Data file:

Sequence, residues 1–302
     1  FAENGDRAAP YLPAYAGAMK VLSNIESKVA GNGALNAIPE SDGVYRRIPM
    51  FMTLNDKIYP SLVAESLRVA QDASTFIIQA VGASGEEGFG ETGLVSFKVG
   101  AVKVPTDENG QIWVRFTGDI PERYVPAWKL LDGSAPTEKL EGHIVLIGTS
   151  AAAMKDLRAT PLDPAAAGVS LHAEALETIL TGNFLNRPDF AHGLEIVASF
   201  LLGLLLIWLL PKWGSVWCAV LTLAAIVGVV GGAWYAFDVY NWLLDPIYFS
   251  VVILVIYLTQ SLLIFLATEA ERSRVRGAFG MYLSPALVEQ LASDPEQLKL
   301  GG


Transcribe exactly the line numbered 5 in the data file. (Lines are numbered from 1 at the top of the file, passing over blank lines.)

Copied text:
   151  AAAMKDLRAT PLDPAAAGVS LHAEALETIL TGNFLNRPDF AHGLEIVASF